This thesis is motivated by the recent development in the Swedish housing market; where house prices have appreciated steadily, coupled with a strong increase in household indebtedness. This trend has worried policymakers, as the housing market historically has had adverse consequences for the real economy and financial stability, both in Sweden as well as in other markets. The financial crisis and the ‘lean-clean’ debate have made it relevant to question the appropriateness of monetary policy to address housing market imbalances. This has resulted in a more widespread acceptance and application of a set of alternative instruments, so called macroprudential tools, to more explicitly target imbalances in specific sectors of the economy and the financial market.
A vast number of international studies have investigated the housing market’s transmission mechanism to the real economy, and the empirical support for macroprudential policy has grown gradually stronger over the past decade. However, research in the Swedish context, to examine the empirical performance of the macroprudential measures targeted at house prices and household debt, has been rather limited. Thus, the aim of this thesis is twofold; first, it provides evidence on the housing market’s transmission mechanism to the real economy and financial stability, secondly, it tests the empirical impact from the loan-to-value (LTV) limit and the amortisation requirement.
The first part is supported by an analytical framework building upon intertemporal choice theory, agency theory and the Q-theory of residential investment, which guides the collection of evidence from reports and other researchers’ findings on the housing market’s role in Sweden. The evidence suggests that the growing importance of the housing market, to affect real economic variables and financial stability, largely has been driven by changes in credit market conditions, which has made it easier to extract collateral wealth. This stimulates consumer expenditures, but on the downside also increases the sensitivity of actors in the financial market to the housing cycle. The second part employs a synthetic control method (SCM), to statistically quantify the impact from the credit and housing targeted macroprudential measures taken so far. Furthermore, a Vector Autoregression (VAR) model is used to quantify the impact from monetary policy on house prices. The VAR results are then used to investigate the interaction between monetary and macroprudential policy, by disentangling the policy rate effect from that of the LTV limit. The empirical results suggest that the LTV and the policy rate do mitigate house price growth, while there is no visible effect from the amortisation requirement. The results also indicate that the effect from the intervention fades away over times and that its relative strength varies across regional areas.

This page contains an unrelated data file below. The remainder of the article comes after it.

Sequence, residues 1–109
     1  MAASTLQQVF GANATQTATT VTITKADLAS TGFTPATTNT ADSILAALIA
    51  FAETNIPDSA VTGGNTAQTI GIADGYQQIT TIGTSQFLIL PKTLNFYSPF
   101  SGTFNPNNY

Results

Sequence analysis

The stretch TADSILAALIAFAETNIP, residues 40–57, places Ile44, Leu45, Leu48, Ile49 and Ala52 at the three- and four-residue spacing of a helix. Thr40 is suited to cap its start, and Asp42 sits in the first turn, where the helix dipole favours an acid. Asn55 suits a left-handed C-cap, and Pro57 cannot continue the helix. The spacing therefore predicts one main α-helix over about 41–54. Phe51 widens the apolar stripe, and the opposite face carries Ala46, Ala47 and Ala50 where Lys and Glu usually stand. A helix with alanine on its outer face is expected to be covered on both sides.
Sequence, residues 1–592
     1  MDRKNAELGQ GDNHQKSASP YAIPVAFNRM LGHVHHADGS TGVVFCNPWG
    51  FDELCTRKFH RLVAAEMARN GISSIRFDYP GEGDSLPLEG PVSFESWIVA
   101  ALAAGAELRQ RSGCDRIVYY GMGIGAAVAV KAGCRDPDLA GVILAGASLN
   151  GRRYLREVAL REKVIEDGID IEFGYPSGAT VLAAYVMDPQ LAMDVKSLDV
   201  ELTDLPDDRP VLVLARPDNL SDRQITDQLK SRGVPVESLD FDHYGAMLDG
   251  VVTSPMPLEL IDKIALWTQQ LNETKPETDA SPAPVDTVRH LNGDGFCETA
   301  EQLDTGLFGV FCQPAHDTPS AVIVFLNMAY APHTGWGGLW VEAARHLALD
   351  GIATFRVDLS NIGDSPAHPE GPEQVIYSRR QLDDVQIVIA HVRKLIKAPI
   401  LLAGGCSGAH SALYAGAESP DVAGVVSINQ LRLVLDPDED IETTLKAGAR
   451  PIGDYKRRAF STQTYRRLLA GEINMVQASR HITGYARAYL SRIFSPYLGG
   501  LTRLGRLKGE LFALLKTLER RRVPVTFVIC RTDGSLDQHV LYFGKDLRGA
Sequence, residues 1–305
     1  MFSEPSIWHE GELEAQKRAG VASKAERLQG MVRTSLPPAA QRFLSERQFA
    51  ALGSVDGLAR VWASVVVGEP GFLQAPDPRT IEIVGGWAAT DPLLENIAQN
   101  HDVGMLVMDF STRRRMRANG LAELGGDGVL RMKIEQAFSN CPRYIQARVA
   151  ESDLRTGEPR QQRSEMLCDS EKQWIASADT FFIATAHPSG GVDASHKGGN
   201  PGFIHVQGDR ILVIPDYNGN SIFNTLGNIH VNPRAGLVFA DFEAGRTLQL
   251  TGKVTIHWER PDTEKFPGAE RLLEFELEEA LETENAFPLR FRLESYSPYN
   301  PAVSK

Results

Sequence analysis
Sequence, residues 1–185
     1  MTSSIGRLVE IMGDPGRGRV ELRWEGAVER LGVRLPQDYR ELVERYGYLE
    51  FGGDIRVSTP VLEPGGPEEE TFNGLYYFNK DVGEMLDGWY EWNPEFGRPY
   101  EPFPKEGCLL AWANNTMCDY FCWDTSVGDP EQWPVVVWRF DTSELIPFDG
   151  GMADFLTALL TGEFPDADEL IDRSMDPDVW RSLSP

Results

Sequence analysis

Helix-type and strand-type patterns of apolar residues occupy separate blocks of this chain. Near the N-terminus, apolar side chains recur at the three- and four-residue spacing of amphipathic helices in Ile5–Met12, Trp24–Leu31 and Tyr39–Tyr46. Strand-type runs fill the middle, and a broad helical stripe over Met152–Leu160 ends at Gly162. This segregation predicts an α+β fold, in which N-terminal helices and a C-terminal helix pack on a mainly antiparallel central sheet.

|Educations||MSc in Applied Economics and Finance, (Graduate Programme) Final Thesis|
|Number of pages||128|
|Supervisors||Svend E. Hougaard Jensen|